IT was a feted occasion which Bryan Robson labelled as his best ever Riverside night during his memorable tenure as Middlesbrough manager.
February 18, 1998 was also a date which one seasoned Italian striker will not forget in a hurry either or any of those present with Boro affiliations in front of a sell-out crowd.
A tense 2-0 victory on the night, in a pulsating Coca-Cola Cup semi-final second-leg which was on a knife-edge, saw the Teessiders book a final spot with a narrow 3-2 aggregate success over Liverpool.
After waiting over a century to reach a domestic cup final, progression on a raucous winter night 20 years ago enabled Boro to book a third Wembley date inside 12 months.
The pulses were racing early on with a whirlwind start seeing Boro – trailing 2-1 from the first leg at Anfield – turn the tables to lead 2-0 in a scarcely believable opening, thanks to goals from Paul Merson (penalty) and new signing Marco Branca.
On Merseyside, a fine strike from ‘Magic Man’ Merson had given Boro hope ahead of a pivotal second leg.
That Anfield night was particularly memorable for one young Yorkshireman in Boro’s ranks, with Pontefract-born teenager Steve Baker being assigned with man-marking duties on Reds dangerman Steve McManaman.
He was the flying winger’s shadow for 90 minutes, with an exasperated McManaman famously gesturing to take his Liverpool shirt off and offering it to his rival at one point, evidence halfway through the game that the 19-year-old was doing his job.
McManaman and his team-mates copped rather more frustration in the North Riding too.
Promotion-chasing Boro were afforded a dream start on two minutes when Jamie Carragher brought down Mikkel Beck and Merson fired home the penalty.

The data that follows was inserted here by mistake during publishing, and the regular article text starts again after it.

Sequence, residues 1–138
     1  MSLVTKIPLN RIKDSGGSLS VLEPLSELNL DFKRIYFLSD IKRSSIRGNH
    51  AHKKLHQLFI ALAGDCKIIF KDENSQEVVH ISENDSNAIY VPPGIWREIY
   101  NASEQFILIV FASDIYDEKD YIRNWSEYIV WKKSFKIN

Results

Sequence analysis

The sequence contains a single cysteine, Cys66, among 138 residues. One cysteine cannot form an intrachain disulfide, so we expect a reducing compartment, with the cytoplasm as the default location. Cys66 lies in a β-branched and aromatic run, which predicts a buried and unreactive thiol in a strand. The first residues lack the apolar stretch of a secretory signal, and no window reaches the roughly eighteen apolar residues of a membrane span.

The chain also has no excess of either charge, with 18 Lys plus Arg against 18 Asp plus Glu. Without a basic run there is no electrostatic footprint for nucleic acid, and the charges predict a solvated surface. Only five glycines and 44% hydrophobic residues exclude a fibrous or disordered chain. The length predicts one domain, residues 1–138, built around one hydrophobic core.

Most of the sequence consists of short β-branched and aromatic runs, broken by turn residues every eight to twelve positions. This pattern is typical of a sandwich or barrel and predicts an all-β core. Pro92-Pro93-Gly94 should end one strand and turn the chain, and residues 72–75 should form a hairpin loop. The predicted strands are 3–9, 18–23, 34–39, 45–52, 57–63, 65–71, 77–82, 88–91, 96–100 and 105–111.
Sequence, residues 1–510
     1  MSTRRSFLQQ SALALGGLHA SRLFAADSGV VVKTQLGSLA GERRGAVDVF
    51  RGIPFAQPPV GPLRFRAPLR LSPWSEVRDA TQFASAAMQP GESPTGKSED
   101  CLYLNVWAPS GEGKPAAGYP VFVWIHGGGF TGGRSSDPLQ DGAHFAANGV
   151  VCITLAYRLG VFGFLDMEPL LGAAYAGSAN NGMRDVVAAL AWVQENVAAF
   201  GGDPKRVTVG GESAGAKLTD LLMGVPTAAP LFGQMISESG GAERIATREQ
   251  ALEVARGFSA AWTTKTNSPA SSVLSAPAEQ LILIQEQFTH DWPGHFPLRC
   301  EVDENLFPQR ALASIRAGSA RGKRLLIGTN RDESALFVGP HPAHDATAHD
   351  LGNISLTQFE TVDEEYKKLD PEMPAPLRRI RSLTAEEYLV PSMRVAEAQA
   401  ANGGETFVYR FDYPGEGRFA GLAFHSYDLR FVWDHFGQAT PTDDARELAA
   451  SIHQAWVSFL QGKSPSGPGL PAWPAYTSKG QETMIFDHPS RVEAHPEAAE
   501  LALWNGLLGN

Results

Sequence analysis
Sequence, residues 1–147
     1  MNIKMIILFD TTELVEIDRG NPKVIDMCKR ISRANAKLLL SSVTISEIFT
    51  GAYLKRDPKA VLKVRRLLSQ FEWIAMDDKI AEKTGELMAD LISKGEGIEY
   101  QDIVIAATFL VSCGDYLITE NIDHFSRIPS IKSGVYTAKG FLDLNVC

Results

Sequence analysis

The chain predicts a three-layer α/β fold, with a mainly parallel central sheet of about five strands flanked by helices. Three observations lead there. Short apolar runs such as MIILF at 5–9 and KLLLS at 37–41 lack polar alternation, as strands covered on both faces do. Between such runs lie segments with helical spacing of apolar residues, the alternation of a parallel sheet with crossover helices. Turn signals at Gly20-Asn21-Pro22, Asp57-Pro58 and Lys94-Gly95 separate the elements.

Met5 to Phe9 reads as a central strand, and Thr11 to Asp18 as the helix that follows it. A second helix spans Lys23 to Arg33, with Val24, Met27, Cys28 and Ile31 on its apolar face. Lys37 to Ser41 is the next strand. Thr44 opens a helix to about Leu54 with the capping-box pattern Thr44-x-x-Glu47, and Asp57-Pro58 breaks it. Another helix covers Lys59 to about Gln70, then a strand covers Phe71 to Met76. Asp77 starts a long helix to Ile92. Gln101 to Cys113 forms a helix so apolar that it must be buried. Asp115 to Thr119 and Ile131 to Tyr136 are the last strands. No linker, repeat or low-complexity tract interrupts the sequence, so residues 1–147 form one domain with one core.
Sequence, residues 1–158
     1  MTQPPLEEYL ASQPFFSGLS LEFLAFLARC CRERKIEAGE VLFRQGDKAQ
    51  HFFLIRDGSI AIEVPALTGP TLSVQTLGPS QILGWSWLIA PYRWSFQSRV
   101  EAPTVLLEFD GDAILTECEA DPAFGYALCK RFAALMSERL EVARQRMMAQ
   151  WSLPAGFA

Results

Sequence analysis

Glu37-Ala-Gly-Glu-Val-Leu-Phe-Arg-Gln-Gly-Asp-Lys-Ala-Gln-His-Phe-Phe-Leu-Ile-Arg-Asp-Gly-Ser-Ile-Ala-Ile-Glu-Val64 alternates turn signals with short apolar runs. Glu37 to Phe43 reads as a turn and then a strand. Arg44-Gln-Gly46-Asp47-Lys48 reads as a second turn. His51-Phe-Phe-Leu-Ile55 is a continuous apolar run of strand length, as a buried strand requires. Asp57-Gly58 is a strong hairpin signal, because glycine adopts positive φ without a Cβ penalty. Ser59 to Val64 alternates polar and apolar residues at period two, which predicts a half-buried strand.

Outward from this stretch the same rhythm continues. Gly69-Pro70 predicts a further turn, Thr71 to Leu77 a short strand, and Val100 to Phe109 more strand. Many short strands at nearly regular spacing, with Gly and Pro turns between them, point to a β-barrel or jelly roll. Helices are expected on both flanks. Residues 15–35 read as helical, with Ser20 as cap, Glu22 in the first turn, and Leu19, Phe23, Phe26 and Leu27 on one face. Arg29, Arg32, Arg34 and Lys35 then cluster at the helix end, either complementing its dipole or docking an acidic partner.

Incredibly, two minutes later, it was 2-0 when recent signing Branca – supposedly being saved for that weekend’s key derby with Sunderland – paid back the first instalment on his transfer fee, less than 48 hours after touching down in England after his seven-figure move from Inter Milan.
Branca raced onto Merson’s throughball and shot under the legs of David James.
Boro, with Nigel Pearson, Steve Vickers and Gianluca Festa sturdy in the heart of defence, withstood pressure from the visitors for much of the remainder of the game and resolutely held firm.
Robbie Fowler saw a rising drive athletically tipped over by Mark Schwarzer and Karlheinz Riedle went close with a header, but it was Boro’s night.
A beaming Robson said: “I can’t speak highly enough of them.
“That has got to be the best performance and the best result since I took the job here.”
Suitably less enamoured with developments, his Liverpool counterpart Roy Evans remarked: “It was a crazy start. Kamikaze. Suicidal stuff. We had a game plan, which was out of the window in less than four minutes. We handed it to them on a plate with sloppy defending.”